Sunday, 1 April 2012

[543] Joss Whedon Interview

Joss. Whedon. My latest interview for Den of Geek. Yep, that guy. We talked about a bunch of things, and it was a heck of a lot of fun.

So, now I've interviewed Joss Whedon and Neil Gaiman. Basically, I now need to interview Anne Rice and my 14 year old self will be forever content.

2012 is a big year for Joss Whedon. After years of his creative output being scuppered by studio interference, or cancelled mid-flow, the Buffy, Angel and Firefly creator has his name attached to two upcoming major releases. And, in fact, they’re both out in the UK this month.

In a couple of weeks, we’ll see his super-powered ensemble blockbuster The Avengers (or Avengers Assemble), but first comes the long-delayed horror-comedy film The Cabin In The Woods. Originally written and shot in 2009, with Whedon producing and co-writing with director Drew Goddard, The Cabin In The Woods has had its fair share of production mishaps, including a botched attempt at 3D post-conversion, and an indefinite shelving when film studio MGM filed for bankruptcy in 2010.

Now, it is finally hitting our screens, and, even better, we had the chance to talk with Whedon about horror movies, production woes and Much Ado About Nothing, his micro-budget Shakespearean side-project, which might also see cinematic release this year.

It would be unsporting to give too much away about The Cabin In The Woods, but it’s probably safe to say that it messes about with the conventions of the horror genre. What was the writing process like? It’s a very fun film, was it fun to take the genre apart in the way that you do?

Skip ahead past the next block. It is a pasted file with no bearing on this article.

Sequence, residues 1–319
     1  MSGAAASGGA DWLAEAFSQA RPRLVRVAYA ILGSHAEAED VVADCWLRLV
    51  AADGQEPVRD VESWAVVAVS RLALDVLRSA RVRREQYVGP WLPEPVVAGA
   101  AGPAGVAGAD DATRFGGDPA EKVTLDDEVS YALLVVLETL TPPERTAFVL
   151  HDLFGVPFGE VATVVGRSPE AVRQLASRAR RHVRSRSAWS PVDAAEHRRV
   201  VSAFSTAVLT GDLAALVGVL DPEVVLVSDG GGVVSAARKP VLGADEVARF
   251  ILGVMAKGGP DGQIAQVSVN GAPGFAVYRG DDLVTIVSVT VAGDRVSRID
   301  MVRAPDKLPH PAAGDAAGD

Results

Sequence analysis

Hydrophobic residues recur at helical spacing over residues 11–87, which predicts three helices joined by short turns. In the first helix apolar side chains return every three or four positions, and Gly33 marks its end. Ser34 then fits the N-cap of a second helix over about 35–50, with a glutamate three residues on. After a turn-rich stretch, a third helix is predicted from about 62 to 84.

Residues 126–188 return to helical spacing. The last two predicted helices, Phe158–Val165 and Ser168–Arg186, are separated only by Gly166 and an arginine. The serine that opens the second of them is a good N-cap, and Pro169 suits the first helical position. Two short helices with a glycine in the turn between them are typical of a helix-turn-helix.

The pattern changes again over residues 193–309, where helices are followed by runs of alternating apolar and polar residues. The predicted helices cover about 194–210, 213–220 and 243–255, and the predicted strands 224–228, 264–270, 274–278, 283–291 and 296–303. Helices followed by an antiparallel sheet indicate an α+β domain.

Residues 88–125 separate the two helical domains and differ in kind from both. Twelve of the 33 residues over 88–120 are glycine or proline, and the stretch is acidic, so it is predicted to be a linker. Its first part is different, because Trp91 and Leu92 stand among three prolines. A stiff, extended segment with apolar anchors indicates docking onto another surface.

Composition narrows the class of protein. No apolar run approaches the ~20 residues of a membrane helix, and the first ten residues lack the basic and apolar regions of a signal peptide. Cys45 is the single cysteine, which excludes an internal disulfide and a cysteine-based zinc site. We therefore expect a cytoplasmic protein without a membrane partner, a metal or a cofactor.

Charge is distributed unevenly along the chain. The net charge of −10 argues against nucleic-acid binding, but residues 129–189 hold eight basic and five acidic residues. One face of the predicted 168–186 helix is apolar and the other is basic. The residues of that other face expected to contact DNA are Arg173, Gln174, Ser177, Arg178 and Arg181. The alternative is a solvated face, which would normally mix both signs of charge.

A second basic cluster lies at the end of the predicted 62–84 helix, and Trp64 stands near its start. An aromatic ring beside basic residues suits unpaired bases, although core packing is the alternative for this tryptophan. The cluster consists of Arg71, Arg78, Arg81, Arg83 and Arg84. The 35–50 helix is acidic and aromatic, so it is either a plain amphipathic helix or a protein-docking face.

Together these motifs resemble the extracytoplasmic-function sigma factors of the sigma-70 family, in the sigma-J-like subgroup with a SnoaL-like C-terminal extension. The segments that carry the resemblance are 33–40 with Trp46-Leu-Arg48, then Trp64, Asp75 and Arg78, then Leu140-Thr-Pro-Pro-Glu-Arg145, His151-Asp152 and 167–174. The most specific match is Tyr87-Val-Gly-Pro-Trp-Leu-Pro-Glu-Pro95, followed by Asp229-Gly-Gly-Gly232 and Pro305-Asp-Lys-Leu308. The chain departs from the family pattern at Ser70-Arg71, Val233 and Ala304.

The writing process was ridiculously fun. Drew and I got a bungalow in a hotel in Santa Monica. He had the upstairs, I had the downstairs. We already had ten pages and our outline, and we’d already broken it into three acts. Then we’d wake up in the morning, we’d take an act, go through it very specifically, divvy it up, and we both had to do a minimum of 15 pages a day in order to create a screenplay. And we did not talk about anything else. You get in a writers room, and there’s just a huge amount of anecdotes and dirty jokes and off-topic stuff.

Drew and I literally didn’t speak about anything except the film, and wrote all day. And I’d run upstairs and say, “What about this or that!” and he’s come downstairs and say, “How does this connect with this?” So it was the fastest and most enjoyable thing. We did it in three days. And obviously there’d been a lot of prep, and a lot of polish after, but basically the bulk of the thing just came from our brains.

Read the full article here.

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